Despite a tumultuous six months for Zillow, the firm’s shareholders appear committed to CEO and co-founder Rich Barton.
In a rather uneventful meeting on Tuesday, which included no questions from investors, the firm’s shareholders voted to re-elect Barton, as well as Lloyd Frink and April Underwood, to the board of directors until the company’s 2025 meeting. All three candidates were easily elected, according to a filing this the U.S. Securities and Exchange Committee.
These re-elections come as Zillow continues to deal with the ongoing wind down of its struggling iBuying business, Zillow Offers, announced in early November. This wind down has resulted in the loss of about 1,605 job or roughly 25% of the firm’s workforce and came as the company reported a third quarter 2021 net income loss of $328 million, mostly due to a $421 million net loss before taxes on Zillow Offers. At the time of the initial announcement, Zillow Offers held roughly 18,000 homes and by early May, the firm had sold or disposed of roughly 85% of those homes.
The ‘housing super app,’ according to investor slides filed with the Securities and Exchange Commission, will provide mortgage pre-approval, “immersive shopping,” facilitate in-person touring, and home financing. Meanwhile, Stephen Capezza, the firm’s SVP of business operations, said the changes to Premier Agent, which went into effect on May 25 in the Raleigh and Denver metro areas, will give Zillow the chance to experiment and “pilot new products and services designed to help customers move quickly and be competitive buyers,” before rolling them out nationwide.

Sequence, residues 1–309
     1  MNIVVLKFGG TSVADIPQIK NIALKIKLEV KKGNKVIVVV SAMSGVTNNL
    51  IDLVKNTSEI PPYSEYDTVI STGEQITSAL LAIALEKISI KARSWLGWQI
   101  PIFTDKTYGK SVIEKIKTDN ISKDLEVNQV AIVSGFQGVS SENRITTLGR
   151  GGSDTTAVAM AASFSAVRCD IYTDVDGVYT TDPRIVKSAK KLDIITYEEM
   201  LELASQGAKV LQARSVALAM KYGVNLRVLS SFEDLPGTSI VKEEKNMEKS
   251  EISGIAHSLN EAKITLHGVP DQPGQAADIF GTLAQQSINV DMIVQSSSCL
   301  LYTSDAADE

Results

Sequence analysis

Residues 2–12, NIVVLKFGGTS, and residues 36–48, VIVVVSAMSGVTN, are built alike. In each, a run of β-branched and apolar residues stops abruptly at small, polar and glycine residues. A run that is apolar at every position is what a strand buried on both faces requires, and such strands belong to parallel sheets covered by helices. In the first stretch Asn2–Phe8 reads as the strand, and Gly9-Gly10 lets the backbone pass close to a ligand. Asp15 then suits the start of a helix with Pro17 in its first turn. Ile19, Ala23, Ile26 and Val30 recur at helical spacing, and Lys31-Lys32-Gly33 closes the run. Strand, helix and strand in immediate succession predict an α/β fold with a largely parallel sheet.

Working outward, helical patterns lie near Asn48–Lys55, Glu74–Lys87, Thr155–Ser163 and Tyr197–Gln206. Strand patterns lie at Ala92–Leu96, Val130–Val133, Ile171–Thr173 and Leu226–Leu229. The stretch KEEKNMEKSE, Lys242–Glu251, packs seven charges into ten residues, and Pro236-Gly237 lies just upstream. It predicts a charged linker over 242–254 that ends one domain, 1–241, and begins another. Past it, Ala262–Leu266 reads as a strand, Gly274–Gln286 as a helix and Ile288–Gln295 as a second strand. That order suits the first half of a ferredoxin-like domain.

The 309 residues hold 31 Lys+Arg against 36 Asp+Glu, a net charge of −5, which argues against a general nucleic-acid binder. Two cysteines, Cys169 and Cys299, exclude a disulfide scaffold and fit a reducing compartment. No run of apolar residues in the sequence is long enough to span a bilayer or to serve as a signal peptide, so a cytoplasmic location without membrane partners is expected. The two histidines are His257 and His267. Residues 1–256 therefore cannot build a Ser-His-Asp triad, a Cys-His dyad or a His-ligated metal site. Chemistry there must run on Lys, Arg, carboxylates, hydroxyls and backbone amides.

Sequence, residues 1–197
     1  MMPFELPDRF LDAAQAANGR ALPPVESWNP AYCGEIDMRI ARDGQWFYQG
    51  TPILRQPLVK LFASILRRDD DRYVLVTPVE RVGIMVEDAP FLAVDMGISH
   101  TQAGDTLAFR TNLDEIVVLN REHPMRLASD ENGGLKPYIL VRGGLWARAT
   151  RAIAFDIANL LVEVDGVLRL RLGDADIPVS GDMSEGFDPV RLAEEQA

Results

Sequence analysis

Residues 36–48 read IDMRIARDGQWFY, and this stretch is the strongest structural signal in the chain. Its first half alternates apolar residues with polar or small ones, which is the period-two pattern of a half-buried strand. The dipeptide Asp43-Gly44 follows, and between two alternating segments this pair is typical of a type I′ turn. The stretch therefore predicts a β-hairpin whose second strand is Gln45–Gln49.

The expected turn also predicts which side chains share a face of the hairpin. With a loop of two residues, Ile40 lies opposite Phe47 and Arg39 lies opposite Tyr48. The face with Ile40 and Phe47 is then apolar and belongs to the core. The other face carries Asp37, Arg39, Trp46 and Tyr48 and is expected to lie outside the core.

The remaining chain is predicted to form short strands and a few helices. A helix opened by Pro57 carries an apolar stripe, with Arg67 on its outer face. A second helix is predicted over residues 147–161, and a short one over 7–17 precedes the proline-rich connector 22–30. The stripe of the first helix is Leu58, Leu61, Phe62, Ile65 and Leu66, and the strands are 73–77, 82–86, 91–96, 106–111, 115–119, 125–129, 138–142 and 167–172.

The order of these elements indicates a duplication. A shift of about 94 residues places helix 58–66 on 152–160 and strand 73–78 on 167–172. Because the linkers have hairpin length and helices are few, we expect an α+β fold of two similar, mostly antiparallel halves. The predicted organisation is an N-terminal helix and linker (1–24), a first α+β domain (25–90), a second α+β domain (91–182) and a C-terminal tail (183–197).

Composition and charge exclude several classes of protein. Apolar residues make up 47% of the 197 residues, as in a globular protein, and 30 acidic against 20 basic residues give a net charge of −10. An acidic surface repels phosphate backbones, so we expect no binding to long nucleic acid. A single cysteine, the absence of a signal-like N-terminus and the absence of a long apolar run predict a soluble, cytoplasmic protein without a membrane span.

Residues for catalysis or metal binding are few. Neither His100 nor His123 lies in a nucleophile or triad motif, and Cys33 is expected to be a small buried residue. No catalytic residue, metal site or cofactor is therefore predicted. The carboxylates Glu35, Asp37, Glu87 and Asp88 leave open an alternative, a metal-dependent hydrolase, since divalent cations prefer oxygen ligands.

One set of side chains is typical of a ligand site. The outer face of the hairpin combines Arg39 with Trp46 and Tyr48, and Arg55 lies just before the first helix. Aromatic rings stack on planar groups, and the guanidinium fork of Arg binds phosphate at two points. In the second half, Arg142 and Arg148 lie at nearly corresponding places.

In addition to dealing with the shuttering of its iBuying program and the creation of its “super app” and “Zillow 2.0”, Zillow has also been embroiled in an ongoing anti-trust lawsuit with the National Association of Realtor and REX Homes.
All things considered, it is clear that Zillow is undergoing changes and experimenting with new business models, but the one constant appears to be Barton’s role as CEO.